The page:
Magazine article Tikkun

The European Dream: How Europe's Vision of the Future Is Quietly Eclipsing the American Dream

Magazine article Tikkun

The European Dream: How Europe's Vision of the Future Is Quietly Eclipsing the American Dream

Article excerpt

Capsule Reviews

The European Dream: How Europe's Vision of the Future is Quietly Eclipsing the American Dream, by Jeremy Rifkin. Penguin, 2004.

Quality of life. Deep play. Sustainability. These ideas are the opposite of "bigger, faster, more," and represent a mode of life and work posited by critic Jeremy Rifkin in The European Dream. Rifkin argues that in our increasingly global world, the American Dream that dominated the twentieth century is becoming outdated. In this "dream," Americans equate success with individual achievement and accumulation of wealth, and our nation-state's government is structured accordingly to protect property rights, autonomy, and our specific idea of freedom. Europe already practices a more humane version of capitalism that recognizes that market forces may be unfair, and so need to be balanced toward the common good. And after the formation of the EU, individual nations have ceded some power in exchange for a forward-reaching vision of an economy that will fully serve and support the populace. Europeans "work to live" and Americans "live to work," and this is deeply rooted in our collective values (secular vs. religious, cosmopolitan vs. patriotic, interdependent vs. independent). And it is evident that despite shorter work weeks, mandated vacation and maternity leave, and more flexible scheduling, European productivity is rising while America is experiencing a decline.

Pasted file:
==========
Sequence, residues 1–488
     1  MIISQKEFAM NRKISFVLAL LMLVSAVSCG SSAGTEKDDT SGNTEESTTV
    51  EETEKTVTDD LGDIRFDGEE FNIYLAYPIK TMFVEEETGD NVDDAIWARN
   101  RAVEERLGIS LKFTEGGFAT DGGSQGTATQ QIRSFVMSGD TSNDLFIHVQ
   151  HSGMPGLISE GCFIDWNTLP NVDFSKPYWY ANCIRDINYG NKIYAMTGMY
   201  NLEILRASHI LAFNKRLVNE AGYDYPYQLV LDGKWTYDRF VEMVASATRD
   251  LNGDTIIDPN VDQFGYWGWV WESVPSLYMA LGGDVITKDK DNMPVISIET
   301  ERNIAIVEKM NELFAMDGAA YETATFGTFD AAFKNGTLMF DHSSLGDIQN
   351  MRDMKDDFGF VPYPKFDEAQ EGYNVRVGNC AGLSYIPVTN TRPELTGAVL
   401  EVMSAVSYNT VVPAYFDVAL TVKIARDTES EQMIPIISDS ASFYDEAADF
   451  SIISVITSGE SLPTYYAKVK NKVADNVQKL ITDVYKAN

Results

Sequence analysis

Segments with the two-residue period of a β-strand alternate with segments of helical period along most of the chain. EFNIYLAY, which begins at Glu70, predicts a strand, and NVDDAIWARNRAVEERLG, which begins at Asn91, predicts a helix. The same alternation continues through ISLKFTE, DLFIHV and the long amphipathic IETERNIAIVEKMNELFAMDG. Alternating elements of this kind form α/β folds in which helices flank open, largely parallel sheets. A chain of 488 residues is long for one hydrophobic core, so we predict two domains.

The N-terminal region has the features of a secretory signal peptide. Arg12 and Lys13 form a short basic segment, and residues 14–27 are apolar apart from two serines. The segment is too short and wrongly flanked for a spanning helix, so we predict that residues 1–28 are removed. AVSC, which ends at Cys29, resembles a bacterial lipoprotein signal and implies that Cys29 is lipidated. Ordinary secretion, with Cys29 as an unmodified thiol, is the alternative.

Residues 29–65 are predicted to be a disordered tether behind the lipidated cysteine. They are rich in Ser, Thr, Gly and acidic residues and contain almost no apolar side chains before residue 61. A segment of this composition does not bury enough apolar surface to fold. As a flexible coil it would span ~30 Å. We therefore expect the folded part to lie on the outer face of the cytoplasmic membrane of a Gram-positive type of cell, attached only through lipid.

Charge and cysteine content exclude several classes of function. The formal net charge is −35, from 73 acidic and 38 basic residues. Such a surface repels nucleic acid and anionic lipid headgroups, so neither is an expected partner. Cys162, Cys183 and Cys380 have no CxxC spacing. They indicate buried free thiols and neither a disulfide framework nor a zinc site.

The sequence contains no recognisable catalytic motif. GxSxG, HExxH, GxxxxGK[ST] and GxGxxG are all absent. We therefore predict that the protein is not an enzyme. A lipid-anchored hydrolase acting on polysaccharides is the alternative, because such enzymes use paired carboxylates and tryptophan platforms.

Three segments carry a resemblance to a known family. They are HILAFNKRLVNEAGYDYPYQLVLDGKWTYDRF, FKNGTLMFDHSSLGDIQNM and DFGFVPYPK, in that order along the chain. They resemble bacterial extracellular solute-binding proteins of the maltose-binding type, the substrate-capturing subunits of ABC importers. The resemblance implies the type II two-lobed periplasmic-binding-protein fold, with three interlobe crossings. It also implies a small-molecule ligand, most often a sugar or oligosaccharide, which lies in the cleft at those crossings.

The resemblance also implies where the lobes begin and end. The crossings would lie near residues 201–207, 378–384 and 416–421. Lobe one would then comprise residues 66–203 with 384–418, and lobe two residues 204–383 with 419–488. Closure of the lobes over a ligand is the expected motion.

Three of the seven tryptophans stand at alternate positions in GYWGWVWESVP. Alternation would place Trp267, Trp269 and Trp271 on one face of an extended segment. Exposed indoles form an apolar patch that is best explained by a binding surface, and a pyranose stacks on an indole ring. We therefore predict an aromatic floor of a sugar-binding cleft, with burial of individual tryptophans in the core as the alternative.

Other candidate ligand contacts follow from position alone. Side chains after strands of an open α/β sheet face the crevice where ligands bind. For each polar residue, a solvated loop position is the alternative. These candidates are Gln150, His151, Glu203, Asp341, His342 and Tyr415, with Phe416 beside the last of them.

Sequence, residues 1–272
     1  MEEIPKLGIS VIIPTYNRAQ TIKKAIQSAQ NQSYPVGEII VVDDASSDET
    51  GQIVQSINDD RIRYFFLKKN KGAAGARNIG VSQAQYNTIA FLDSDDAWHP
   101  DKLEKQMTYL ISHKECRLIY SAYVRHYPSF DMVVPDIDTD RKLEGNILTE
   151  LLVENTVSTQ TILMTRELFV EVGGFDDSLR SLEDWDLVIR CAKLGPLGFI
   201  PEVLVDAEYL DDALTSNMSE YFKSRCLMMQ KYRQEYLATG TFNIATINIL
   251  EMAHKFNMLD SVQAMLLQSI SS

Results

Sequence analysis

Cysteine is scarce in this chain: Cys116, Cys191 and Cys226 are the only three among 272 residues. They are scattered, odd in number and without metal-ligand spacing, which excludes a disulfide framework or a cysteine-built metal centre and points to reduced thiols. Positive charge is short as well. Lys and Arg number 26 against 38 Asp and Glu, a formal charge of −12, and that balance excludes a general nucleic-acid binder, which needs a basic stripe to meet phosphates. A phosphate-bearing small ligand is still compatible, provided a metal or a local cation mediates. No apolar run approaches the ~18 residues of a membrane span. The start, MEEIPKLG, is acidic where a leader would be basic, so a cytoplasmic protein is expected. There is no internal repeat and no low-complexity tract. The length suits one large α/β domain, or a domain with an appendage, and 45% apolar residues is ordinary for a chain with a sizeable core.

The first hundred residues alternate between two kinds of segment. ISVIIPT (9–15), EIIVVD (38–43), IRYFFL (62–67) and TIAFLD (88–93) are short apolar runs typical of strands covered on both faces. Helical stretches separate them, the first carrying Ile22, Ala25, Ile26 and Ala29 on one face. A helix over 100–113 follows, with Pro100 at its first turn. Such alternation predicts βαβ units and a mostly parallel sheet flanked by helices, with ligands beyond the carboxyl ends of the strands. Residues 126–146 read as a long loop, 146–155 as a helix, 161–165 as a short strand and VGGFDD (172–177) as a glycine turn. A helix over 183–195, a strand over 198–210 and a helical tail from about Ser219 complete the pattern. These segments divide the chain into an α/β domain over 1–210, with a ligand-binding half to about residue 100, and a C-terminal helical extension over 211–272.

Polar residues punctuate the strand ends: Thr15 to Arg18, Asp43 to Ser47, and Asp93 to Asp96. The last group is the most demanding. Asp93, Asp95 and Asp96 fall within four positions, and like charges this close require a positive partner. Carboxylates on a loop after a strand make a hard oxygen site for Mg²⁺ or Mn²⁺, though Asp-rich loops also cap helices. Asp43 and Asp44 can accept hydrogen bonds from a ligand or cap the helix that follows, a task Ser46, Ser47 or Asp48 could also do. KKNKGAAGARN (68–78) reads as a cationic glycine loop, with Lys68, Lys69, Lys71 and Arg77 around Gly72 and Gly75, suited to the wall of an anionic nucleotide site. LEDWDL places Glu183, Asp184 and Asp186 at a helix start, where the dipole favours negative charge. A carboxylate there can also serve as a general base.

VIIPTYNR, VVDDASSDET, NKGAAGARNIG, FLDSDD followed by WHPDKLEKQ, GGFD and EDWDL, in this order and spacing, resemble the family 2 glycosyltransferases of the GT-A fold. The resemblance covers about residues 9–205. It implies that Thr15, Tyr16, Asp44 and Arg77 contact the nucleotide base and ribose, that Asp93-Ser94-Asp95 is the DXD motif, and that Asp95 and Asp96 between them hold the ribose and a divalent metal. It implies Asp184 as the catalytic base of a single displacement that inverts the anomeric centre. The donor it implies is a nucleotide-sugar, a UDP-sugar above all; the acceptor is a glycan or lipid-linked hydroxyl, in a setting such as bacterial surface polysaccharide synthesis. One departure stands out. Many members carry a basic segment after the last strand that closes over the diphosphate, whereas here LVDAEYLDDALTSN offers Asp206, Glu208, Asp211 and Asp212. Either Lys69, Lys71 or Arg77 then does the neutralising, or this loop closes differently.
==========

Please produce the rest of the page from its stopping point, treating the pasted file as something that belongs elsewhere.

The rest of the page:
Rifkin avoids any glorification of Europe, which would be as stereotypically American as our Euro-bashing, and does not denigrate the American worldview either. …

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